GA: Microsoft PowerApps and Flow


Today, as we announced on the Office Blogs, we are proud to celebrate the general availability of Microsoft PowerApps and Flow.  These solutions represent the present and future of our ambition to reinvent business processes, and should be a central element in your toolkit for building collaborative business apps for SharePoint and OneDrive.


Today's announcement builds on our previous post about the tight integration of PowerApps and Flow with SharePoint, and lays out our plan for even deeper integration coming soon.  (See below!)




Most commercial Office 365 plans are automatically entitled to start using PowerApps and Flow.  Further details on licensing and pricing are available at  Thanks.


Frequently asked questions


Q. What does Microsoft’s commitment to PowerApps and Microsoft Flow mean for historic business solutions on SharePoint, like InfoPath?

A. As we announced at Ignite, PowerApps and Microsoft Flow are tools for business users to build business applications and automation in SharePoint today and tomorrow. They are the successors to InfoPath and SharePoint Designer for many common business scenarios, especially custom forms used on SharePoint lists.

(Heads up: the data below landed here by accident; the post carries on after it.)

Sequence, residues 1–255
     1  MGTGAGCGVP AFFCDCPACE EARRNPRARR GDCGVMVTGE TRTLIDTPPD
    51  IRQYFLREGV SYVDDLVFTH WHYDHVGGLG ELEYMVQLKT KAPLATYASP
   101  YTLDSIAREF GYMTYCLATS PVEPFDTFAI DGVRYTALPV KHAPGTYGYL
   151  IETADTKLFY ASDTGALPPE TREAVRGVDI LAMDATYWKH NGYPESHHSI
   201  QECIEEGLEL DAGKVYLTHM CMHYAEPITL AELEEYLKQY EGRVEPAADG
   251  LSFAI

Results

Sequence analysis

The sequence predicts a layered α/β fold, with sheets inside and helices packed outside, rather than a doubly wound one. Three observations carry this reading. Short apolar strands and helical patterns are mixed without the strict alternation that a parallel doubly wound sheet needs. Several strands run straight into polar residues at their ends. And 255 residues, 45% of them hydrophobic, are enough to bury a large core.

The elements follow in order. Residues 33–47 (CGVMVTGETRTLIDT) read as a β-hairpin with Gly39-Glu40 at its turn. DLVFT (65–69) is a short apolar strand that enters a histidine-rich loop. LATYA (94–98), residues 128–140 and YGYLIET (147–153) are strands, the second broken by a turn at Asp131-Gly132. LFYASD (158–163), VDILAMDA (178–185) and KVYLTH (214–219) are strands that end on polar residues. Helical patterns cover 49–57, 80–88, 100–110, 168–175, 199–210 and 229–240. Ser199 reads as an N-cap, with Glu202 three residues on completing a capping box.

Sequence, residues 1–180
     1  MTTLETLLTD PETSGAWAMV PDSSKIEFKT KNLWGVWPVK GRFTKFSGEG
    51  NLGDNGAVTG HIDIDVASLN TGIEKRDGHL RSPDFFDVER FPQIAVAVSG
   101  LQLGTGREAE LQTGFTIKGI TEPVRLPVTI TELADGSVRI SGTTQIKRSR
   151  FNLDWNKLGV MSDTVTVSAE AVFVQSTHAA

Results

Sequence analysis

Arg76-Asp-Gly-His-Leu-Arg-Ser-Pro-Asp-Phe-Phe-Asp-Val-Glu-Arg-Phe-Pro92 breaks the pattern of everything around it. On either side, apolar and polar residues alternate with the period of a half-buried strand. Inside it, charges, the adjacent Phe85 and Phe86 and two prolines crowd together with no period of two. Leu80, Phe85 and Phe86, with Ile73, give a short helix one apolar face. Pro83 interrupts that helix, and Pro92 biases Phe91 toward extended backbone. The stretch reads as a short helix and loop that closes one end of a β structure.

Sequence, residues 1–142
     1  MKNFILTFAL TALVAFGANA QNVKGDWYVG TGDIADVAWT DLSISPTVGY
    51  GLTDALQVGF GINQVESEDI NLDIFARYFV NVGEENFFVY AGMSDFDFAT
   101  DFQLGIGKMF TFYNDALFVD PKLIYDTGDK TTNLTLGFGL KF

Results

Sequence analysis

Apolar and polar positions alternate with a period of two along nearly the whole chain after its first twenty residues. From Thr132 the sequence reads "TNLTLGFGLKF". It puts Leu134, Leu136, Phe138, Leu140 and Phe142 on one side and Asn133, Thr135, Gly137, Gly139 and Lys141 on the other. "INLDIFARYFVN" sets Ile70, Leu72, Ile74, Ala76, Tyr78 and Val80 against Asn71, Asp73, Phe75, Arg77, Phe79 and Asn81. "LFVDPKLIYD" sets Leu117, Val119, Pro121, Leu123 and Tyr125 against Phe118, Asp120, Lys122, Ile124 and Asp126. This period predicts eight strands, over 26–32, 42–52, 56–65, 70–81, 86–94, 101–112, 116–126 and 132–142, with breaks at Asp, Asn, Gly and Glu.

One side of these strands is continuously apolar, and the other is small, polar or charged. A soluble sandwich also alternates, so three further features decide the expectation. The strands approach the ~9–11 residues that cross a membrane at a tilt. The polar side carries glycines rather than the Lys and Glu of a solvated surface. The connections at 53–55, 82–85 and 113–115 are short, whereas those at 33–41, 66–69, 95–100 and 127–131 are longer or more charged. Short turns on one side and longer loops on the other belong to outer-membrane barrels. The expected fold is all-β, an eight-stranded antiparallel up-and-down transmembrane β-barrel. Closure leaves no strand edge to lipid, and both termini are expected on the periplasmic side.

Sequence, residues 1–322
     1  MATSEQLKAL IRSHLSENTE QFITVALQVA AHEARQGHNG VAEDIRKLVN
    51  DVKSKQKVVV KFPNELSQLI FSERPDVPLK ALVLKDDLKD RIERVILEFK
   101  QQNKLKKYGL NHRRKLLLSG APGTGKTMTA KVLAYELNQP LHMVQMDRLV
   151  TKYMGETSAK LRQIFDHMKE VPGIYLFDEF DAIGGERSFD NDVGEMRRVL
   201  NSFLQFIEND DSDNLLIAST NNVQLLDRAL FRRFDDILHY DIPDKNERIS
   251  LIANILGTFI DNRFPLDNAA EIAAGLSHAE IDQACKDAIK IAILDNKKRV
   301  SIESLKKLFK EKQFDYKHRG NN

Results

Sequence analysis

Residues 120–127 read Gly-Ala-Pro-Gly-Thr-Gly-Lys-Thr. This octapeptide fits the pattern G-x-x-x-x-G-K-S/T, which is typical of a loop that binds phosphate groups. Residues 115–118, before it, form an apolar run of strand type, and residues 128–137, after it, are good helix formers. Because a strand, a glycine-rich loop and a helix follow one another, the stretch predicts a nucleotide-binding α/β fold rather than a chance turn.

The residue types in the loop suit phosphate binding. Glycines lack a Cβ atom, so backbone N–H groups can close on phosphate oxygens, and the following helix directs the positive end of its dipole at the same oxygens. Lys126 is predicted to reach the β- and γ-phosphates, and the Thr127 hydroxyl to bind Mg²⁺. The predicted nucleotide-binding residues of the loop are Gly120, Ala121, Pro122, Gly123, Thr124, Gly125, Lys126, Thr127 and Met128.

Q. Will Microsoft still support InfoPath and SharePoint Designer?

A. As we announced earlier in 2016:

  • SharePoint Server 2016 will include an ongoing capability to host InfoPath Forms Services. InfoPath Forms Services on SharePoint 2016 will be supported for the duration of SharePoint 2016’s support lifecycle.
  • InfoPath Forms Services on Office 365 will continue to be supported.
  • InfoPath 2013 and SharePoint Designer 2013 will be the last versions of those products. SharePoint Designer is not being re-released with SharePoint Server 2016, although we will continue to support custom workflows built with SharePoint Designer and hosted on SharePoint Server 2016 and Office 365. Support for InfoPath 2013 and SharePoint Designer 2013 will match the support lifecycle for SharePoint Server 2016, running until 2026.

Q. What can customers expect to see inside SharePoint Online?